The new conceit is that the animals conscientious people eat are “humanely raised and slaughtered.” There is a verdant, wildflower-filled meadow somewhere out there where the animals gambol and the noble farmer dwells with his family in a farmhouse. This is what all those who are conscientious meat-eaters consume. All of them. It just so happens that despite smaller farms representing a very, very small percentage of the industry – the USDA’s own census shows that more than 99% of animals come from industrial settings - somehow, as if wishful thinking made it true, humanely procured animal products is all that everyone eats. In the house and out of the house. For breakfast, lunch and dinner.
Why have people bought into the lie of humane slaughter so fully that they are willing to sacrifice the integrity of their critical thinking? Because it benefits them to maintain their privileges and to not think that they are jerks in the process.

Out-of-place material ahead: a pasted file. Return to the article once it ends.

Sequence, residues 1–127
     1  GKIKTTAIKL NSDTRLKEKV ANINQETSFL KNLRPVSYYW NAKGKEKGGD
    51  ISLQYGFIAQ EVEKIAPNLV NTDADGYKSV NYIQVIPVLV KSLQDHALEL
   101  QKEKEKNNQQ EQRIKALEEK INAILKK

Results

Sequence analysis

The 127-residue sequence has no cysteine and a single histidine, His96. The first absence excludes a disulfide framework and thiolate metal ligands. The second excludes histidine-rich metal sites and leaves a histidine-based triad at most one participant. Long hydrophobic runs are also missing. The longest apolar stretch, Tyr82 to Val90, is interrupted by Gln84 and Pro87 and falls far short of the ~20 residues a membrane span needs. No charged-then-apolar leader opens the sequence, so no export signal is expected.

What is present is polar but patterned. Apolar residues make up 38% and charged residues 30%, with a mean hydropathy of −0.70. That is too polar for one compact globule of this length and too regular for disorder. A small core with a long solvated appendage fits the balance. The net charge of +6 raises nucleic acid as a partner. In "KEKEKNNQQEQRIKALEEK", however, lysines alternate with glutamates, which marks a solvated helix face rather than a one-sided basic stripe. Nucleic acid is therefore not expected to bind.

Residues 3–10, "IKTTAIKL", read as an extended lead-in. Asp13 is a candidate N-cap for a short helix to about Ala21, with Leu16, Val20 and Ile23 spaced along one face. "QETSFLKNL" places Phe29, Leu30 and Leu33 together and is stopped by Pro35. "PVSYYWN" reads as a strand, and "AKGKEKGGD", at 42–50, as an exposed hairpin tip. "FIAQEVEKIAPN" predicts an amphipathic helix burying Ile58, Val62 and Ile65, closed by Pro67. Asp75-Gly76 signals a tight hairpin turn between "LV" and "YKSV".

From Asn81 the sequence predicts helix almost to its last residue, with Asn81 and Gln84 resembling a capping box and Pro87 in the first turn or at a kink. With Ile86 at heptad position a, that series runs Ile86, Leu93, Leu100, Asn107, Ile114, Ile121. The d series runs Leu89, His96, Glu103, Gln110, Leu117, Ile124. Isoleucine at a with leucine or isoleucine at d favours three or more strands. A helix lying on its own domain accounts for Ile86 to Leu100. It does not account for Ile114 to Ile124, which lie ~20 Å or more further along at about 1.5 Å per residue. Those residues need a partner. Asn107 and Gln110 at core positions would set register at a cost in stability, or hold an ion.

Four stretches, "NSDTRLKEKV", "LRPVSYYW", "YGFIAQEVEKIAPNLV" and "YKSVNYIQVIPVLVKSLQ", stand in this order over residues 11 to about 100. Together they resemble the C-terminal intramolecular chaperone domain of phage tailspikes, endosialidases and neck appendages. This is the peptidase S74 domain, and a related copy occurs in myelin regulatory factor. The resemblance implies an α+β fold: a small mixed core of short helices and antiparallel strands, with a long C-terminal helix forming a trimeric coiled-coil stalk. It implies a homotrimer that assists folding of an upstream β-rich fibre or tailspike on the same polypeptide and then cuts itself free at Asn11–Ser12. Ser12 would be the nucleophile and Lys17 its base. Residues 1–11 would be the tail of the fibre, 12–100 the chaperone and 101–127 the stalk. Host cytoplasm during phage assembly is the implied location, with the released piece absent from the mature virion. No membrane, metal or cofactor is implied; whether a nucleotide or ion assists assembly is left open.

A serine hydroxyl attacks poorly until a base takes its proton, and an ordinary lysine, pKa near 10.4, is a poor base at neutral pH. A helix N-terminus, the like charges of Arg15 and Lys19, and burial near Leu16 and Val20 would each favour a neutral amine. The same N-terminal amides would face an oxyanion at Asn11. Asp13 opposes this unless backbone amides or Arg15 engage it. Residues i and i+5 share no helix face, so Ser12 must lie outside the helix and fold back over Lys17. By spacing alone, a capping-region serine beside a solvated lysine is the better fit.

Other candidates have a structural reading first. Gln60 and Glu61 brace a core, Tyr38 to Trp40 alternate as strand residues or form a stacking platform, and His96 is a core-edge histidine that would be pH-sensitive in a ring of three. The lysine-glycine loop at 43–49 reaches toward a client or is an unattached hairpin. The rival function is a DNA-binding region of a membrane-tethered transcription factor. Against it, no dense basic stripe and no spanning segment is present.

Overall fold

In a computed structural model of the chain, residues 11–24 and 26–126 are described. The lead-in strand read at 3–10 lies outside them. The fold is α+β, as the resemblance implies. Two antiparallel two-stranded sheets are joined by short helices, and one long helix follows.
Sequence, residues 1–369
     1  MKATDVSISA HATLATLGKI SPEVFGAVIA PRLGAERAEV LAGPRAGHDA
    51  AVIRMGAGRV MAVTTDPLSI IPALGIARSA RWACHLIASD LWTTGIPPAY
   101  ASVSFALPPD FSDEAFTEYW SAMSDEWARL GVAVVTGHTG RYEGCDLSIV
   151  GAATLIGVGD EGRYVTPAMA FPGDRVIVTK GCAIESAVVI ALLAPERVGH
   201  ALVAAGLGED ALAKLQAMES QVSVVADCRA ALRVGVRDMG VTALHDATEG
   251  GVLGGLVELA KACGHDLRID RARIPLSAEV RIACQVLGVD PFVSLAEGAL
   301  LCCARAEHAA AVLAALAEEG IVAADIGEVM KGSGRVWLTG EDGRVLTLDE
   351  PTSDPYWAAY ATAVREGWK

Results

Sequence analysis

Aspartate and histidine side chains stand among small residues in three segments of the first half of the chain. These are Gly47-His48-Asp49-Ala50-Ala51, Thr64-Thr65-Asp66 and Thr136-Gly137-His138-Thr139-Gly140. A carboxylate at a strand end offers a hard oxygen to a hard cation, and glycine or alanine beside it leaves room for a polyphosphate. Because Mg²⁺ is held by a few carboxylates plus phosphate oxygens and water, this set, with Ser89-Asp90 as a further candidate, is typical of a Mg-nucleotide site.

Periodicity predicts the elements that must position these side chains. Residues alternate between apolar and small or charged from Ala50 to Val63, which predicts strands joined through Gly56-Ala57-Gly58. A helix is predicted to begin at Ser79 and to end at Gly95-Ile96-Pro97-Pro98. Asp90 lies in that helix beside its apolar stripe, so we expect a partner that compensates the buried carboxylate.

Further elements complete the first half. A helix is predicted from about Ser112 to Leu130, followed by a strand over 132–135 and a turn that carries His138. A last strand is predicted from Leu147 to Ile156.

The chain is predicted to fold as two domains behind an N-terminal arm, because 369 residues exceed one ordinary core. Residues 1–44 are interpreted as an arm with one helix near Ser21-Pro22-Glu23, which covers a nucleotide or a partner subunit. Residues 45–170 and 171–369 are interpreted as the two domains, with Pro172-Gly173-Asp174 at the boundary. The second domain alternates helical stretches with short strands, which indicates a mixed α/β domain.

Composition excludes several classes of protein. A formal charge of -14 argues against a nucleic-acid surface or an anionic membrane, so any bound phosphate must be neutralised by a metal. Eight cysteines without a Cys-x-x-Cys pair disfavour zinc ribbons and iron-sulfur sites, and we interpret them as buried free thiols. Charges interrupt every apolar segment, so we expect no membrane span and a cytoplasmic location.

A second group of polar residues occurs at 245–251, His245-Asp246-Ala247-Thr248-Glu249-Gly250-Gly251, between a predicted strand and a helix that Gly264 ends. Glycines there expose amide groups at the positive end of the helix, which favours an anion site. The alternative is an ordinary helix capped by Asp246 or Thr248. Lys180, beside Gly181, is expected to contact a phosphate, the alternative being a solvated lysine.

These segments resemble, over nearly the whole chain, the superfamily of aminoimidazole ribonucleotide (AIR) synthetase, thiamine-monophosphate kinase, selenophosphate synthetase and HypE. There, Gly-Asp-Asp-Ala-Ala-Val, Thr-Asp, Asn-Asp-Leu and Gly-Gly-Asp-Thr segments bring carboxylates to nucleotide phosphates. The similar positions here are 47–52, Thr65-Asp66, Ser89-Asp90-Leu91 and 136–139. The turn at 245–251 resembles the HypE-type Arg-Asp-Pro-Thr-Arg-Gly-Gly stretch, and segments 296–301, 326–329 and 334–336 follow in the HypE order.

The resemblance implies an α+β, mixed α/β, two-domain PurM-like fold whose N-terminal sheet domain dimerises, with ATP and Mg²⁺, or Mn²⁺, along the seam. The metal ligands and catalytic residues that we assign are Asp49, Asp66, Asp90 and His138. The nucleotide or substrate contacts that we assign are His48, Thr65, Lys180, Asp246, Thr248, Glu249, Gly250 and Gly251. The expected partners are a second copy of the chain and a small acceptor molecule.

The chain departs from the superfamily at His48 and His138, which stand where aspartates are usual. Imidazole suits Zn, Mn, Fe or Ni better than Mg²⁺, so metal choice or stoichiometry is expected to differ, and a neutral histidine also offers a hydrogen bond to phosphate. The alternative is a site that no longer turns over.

I don’t think that omnivores are all jerks, I really don’t. That’s silliness. To me, the steadfast clinging to fairy tales tells me something refreshing about the core of humanity - that we want to believe that we are good people because we want to be good people - and it tells me something positive about what we think about eating animals as the status quo. It tells me that people are uncomfortable with the act of eating animals at its root and this kernel holds a lot of hope for me.
The human urge to believe in false narratives when presented with an ugly truth is just too alluring for most to resist. When the rest of society is deeply invested in maintaining the fabrication, critical thinking short-circuits so quickly you can practically hear it happen.